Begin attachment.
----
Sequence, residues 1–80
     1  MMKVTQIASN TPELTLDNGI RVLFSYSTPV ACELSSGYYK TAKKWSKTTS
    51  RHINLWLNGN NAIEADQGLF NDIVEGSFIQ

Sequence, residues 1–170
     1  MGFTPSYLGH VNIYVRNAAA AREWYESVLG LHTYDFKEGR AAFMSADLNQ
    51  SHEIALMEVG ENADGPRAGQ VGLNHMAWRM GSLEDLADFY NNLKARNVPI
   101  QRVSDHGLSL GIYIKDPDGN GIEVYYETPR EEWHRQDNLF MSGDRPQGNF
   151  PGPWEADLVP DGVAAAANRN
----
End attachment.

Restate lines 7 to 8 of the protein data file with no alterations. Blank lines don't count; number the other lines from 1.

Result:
   101  QRVSDHGLSL GIYIKDPDGN GIEVYYETPR EEWHRQDNLF MSGDRPQGNF
   151  PGPWEADLVP DGVAAAANRN